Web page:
Listen.

Communication is one of life’s most crucial and fundamental skills, it goes beyond simply exchanging information. Communication is a two-way street; it’s not only making sure you are understood, it’s also in how you listen and understand the intent and emotions behind what’s being said to you. Focusing only on being understood and not understanding can create misunderstandings or confusion and even damage your relationships. Effective communication is the backbone of any personal or professional relationship, it helps you connect with others and improve teamwork, decision making, and problem solving.

We all know that communication is a fundamental skill, yet most of our formal communication training improves how we speak. Most trainings ignore the importance of listening skills.  We don’t teach all of the necessary communication skills in the sales trainings we deliver. We spend the majority of our communication training time covering product features and benefits, we review the competitive landscape, industry trends, and strategic partners. The focus in that time is on developing and honing our speaking skills and we ignore the listening aspect of communication. How we speak is very important, and this lack of listening training often leaves us unable to communicate with others as effectively as we’d like. However, developing more effective listening skills is necessary in order to succeed in business. Since selling is the most complex form of communication, listening is essential.

“Good listening is a crucial piece of the communication puzzle, but what determines what is actually considered good listening?”

In sales, communication is the essence of the role. And, I’ll make the case that listening is everything. Sales calls are the foundation of the industry and as a sales professional you will speak with hundreds of potential buyers each month. As you speak with customer and prospects, you become aware of the language they use to communicate their motivation to make a decision.

We are all attuned to language that signals reluctance, willingness, and commitment, and if you’re in sales you need to excel at listening to language. However, most sales people aren’t actually listening to what the customer or prospect is saying in order to identify reluctance, willingness or commitment. Why? They’re too busy using that time (the time when the customer is speaking) to think about what they are going to say next. This isn’t listening, this is planning.

When I was younger my dad used to tell me, “Son, you have two ears and one mouth.” He was trying to teach me what Jim Collins refers to in his book Good to Great: in any conversation our question to statement ratio should be 2:1. Good listening is a crucial piece of the communication puzzle, but what determines what is actually considered good listening?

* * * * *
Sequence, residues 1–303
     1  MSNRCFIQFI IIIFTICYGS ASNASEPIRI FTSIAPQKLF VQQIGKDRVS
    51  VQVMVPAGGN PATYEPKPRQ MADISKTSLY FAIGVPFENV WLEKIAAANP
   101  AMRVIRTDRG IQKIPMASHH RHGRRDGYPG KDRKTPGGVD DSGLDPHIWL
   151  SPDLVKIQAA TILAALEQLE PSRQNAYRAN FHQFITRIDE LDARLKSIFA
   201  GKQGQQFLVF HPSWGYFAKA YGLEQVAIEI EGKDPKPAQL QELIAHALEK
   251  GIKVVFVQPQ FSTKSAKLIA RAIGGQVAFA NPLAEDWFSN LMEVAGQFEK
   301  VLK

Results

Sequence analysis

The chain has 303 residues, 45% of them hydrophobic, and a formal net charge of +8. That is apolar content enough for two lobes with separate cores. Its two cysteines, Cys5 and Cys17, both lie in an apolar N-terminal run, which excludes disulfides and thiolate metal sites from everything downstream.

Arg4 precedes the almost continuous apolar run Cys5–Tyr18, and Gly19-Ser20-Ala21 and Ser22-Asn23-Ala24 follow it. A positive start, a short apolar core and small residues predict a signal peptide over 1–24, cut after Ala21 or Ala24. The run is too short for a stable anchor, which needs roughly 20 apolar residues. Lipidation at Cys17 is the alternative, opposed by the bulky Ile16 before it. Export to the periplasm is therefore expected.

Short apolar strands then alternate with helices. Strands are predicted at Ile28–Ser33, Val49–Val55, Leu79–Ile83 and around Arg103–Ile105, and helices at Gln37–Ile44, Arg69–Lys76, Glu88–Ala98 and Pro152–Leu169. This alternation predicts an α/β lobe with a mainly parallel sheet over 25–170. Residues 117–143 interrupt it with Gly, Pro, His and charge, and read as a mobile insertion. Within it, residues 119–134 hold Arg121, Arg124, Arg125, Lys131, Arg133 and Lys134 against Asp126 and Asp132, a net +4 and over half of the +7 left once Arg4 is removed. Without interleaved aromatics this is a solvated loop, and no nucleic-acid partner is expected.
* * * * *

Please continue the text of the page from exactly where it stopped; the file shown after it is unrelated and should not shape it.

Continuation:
Let’s start with what it’s not.

Good listening isn’t just creating space and time for the customer to speak.This is an essential part of communication, but just simply being quiet at the right times isn’t the same as actually listening to what your customers are saying. What typically happens while the customer is speaking is we are thinking and planning out what we want to say next. That’s not listening.

“When we actively listen to a customer, completely and attentively, then we are listening not only to the words, but also the feelings being conveyed.”

In the best-selling book 7 Habits of Highly Effective People Stephen Covey discusses how we must “seek first to understand, than to be understood”. Which builds on the statement that your question to answer ration should always be 2:1, if you are spending too much time talking you aren’t spending enough time understanding. To illustrate this point he lays out his five levels of listening:

  1. Ignoring
  2. Pretending
  3. Selective listening
  4. Attentive listening
  5. Empathetic listening

When I teach listening, I focus on Covey’s final two steps: Attentive listening and Empathetic listening. Once you learn how to deploy these listening skills, you develop an invaluable gift to your business.

This helps your customers to feel appreciated, which in turn will drive more sales. When we actively listen to a customer, completely and attentively, then we are listening not only to the words, but also the feelings being conveyed. It enables us to listen to the whole conversation, not just a part.

Good communication that’s focused on listening helps your customer interactions to stay on track, to continue considering and exploring what may be an uncomfortable reality of their business.

When we have conversations with our customers, we inevitably reach a point where we feel compelled to contribute, to share our insight. We may feel the need to affirm their feelings, or other times we want to challenge their opinions and push the conversation beyond it’s current limits. And while this is part of good communication, if we find ourselves doing this too much in the conversation, then we aren’t listening.

8 Common Responses that Signal You Aren’t Listening